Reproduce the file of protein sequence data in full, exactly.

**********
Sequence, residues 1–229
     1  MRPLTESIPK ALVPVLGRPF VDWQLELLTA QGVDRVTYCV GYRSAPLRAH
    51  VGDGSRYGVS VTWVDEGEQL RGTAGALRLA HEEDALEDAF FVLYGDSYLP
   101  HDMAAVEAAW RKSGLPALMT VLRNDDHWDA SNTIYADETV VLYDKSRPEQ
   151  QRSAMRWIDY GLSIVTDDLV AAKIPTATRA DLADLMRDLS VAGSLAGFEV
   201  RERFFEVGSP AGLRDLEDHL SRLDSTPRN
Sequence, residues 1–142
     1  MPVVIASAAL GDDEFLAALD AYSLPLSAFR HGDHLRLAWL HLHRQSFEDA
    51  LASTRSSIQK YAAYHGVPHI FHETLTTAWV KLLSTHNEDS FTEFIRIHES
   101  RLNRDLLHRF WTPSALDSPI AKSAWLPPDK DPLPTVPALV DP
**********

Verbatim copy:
Sequence, residues 1–229
     1  MRPLTESIPK ALVPVLGRPF VDWQLELLTA QGVDRVTYCV GYRSAPLRAH
    51  VGDGSRYGVS VTWVDEGEQL RGTAGALRLA HEEDALEDAF FVLYGDSYLP
   101  HDMAAVEAAW RKSGLPALMT VLRNDDHWDA SNTIYADETV VLYDKSRPEQ
   151  QRSAMRWIDY GLSIVTDDLV AAKIPTATRA DLADLMRDLS VAGSLAGFEV
   201  RERFFEVGSP AGLRDLEDHL SRLDSTPRN
Sequence, residues 1–142
     1  MPVVIASAAL GDDEFLAALD AYSLPLSAFR HGDHLRLAWL HLHRQSFEDA
    51  LASTRSSIQK YAAYHGVPHI FHETLTTAWV KLLSTHNEDS FTEFIRIHES
   101  RLNRDLLHRF WTPSALDSPI AKSAWLPPDK DPLPTVPALV DP